Why so much bus reporting and bias?
Question: I've read several of the online stories concerning the STA and I've sent feedback that has met all of the criteria required by The Spokesman-Review. My feedback contains no obscenities, nor libelous statements, etc. However, since the person writing these articles is very pro STA, my feedback is virtually never published. I have been convinced for years that the S-R is a biased paper with the full interntion of shaping and swaying the way people think, and behaviors like I just described only solidify my position.
There are numerous topics where the S-R is clearly biased on a position. Support/lack of support for the mayor, the parking garage, the president (what party he's in does make a difference), schools, are just a few topics to which the S-R expresses their preferences. Sometimes it's blatant, sometimes it's subtle. This is harly decent reporting; why not just report the facts, all of them, and no holding back, and let the readers decide for themselves? I would like to know who reviews online reader feedback and makes the decision to post or to not post the feedback.
Also, we've heard all about the STA for months now and the same topics concerning the STA are being repeated in the paper. It's time to move on to more important news and such. But since the S-R, and in particular, one reporter are pro bus, I suppose we can look forward seeing the same subjects repeated over and over in a desparate attempt to sway the voters into buying into it. We voted NO on it and that should be enough. Please drop the subject and find some new news. -- Bill Anderson
Answer (part 1): I checked our list of replies submitted to stories online, and quickly found this comment and this comment from you about the most recent STA stories. I can't trace what may have happened in the more distant past. However, Larry Reisnouer, who checks over the story replies daily to make sure they fit simple criteria, says he doesn't recognize your e-mail address or remember deleting any comments about STA. In fact, Larry doesn't edit for content. He just tries to make sure replies are not libelous or obscene or over the 250-word limit. Reporters have no connection to the comments that are posted about their stories online. -- Ken Sands, managing editor of online and new media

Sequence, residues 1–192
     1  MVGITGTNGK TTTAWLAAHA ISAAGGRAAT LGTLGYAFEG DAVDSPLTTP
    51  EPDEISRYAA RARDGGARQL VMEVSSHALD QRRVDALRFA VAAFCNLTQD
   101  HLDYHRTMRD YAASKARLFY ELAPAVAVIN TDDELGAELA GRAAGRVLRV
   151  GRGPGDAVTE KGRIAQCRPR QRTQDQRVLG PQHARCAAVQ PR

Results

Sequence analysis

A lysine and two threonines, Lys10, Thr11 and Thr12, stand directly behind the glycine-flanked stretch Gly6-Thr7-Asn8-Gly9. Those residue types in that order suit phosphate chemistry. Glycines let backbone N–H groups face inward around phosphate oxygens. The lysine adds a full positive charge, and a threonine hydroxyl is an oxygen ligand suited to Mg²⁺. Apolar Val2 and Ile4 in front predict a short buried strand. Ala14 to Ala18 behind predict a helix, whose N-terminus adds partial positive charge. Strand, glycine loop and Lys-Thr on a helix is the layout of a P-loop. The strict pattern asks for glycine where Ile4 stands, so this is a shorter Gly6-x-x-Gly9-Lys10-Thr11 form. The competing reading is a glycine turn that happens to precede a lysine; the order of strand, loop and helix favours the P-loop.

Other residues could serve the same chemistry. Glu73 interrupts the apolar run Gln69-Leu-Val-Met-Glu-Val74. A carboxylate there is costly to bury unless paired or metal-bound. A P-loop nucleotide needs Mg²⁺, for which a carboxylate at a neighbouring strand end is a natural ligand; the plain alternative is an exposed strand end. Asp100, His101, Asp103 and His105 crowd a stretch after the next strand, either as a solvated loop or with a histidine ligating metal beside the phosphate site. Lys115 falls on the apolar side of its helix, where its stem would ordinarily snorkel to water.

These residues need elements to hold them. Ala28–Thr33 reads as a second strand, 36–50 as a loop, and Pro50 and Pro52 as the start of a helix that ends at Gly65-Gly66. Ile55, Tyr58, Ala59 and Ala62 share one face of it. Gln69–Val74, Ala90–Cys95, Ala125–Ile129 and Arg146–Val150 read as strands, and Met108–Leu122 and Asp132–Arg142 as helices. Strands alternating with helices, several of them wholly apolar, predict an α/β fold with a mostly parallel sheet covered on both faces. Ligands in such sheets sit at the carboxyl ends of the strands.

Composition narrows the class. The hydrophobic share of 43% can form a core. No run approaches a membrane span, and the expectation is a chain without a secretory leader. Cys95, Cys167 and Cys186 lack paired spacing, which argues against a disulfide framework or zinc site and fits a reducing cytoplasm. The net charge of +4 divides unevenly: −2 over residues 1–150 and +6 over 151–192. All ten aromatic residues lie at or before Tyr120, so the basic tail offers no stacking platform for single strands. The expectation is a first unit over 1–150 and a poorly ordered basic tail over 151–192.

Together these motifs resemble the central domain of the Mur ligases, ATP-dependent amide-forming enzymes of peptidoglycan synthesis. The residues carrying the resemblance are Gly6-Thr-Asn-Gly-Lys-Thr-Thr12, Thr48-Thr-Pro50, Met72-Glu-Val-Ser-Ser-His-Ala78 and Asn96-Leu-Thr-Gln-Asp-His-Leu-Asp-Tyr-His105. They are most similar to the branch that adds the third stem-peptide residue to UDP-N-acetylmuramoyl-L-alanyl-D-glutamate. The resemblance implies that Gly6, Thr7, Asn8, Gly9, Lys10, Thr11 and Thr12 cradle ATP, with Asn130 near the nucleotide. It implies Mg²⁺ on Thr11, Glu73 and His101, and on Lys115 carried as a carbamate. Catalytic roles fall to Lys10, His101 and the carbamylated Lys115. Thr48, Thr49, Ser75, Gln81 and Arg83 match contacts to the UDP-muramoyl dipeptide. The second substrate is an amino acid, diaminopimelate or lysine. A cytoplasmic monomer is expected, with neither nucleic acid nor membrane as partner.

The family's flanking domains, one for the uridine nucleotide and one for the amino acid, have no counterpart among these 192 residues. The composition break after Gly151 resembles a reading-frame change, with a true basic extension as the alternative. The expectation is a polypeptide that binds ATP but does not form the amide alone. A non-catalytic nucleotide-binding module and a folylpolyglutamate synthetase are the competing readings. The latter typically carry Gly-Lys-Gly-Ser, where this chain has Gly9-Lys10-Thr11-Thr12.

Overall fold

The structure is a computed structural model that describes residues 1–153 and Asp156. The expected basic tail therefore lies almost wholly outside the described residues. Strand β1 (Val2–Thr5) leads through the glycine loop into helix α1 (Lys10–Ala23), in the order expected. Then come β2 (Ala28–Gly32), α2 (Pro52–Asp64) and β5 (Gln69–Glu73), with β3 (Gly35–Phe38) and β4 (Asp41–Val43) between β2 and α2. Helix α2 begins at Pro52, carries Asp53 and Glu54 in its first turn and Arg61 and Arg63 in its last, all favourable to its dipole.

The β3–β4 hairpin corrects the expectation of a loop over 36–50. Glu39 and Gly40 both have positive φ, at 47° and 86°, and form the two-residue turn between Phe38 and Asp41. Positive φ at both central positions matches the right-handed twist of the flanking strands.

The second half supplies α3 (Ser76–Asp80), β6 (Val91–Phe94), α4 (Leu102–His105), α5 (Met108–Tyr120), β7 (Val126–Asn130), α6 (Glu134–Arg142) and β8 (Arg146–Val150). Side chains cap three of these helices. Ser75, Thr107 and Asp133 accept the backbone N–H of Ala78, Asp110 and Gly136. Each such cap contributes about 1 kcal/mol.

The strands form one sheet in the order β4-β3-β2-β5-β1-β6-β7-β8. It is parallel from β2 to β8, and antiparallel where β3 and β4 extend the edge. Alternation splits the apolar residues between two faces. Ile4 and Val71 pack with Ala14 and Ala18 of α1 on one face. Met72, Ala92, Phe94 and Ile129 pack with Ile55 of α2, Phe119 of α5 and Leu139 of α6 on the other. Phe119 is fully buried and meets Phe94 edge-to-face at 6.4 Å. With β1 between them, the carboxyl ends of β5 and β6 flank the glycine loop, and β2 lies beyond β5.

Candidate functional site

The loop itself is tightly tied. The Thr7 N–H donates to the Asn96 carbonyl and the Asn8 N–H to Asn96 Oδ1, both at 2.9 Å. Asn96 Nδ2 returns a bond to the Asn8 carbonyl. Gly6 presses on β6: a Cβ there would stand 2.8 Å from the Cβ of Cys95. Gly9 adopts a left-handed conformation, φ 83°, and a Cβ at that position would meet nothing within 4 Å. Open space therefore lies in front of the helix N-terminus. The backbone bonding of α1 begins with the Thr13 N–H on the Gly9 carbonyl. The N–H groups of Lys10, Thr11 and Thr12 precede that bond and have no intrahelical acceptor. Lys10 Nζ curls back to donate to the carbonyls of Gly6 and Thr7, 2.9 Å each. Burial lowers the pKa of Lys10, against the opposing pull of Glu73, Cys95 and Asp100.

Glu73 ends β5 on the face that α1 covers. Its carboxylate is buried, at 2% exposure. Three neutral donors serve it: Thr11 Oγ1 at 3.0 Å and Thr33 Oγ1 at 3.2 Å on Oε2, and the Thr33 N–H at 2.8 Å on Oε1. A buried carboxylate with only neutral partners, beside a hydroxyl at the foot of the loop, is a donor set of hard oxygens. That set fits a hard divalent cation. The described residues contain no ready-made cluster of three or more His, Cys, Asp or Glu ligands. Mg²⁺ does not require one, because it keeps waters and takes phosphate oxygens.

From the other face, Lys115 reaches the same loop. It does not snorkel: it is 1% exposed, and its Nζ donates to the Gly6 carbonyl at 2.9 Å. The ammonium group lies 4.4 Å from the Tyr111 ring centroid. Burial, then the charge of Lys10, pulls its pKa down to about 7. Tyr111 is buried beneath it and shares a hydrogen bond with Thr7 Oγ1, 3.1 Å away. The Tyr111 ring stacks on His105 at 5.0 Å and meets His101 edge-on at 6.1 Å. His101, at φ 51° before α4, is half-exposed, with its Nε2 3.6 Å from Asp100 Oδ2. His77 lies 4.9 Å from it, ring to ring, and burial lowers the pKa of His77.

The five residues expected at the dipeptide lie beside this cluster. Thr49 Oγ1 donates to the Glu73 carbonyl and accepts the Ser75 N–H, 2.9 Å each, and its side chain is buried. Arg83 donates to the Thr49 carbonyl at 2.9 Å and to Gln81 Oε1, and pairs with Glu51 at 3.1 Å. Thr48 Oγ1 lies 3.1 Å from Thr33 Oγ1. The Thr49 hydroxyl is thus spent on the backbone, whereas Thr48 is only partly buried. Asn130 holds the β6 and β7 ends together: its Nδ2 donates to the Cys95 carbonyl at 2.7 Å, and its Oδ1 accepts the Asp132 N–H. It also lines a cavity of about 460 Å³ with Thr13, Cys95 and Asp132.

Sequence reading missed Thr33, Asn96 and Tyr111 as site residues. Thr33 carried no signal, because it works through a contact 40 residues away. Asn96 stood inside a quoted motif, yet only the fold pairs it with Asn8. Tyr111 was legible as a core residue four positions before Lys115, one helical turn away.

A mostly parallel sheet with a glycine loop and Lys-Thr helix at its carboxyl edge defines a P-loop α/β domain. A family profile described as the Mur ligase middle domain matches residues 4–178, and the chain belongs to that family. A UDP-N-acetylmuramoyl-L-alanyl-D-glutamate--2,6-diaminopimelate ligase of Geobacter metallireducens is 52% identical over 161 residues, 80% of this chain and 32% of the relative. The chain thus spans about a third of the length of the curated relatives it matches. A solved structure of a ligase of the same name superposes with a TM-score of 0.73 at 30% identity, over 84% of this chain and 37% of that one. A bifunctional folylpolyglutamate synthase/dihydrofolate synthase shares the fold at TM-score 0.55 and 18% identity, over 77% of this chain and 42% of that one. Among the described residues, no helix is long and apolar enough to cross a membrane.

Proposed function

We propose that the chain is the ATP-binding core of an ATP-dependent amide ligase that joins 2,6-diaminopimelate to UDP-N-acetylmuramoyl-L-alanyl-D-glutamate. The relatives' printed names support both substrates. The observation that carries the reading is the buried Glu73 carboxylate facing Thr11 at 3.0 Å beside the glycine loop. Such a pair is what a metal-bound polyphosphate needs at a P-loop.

Answer (part 2): I'm sorry the writer feels we've reported too much on the STA budget/service issue. However, in our view, this issue is one of the most important facing our community and extensive coverage is demanded. Readers can expect far more in the next few months. I suggest the writer skip those stories if he finds them unimportant. Are we pro-bus? Well, I'm not sure what it means to be pro-bus. But we do believe that citizens are best served when they have the information they need to make informed decisions. If citizens understand the ramifications of STA service cuts and decide they can live with them, so be it.
As to overall news bias, the writer repeats the same old cliche. But in my experience the perception of bias begins with the observer's own prejudices. The pro-administration factions in our area are convinced we're Bush bashers and anti-war activists. The anti-Bush factions are convinced we're Republican mouthpieces. We take heat from both sides. Now, I don't believe that constant, simultaneous criticism from right and left is proof per se of our objectivity. But I do think it illustrates how difficult it is to please everyone all the time. The Spokesman-Review news staff works as hard as any in my experience to cover the news objectively. Our staff is as culturally and politically diverse as the community it serves. Our internal debates mirror those in society. That's the best check on biased reporting.
As to printing just the facts...it is pretty silly to think that there is something like a list of "just the facts" for any story. Too often, one person's facts are the next person's lies. People who see the world in such black and white terms are, at least, awfully naive. -- Steve Smith, editor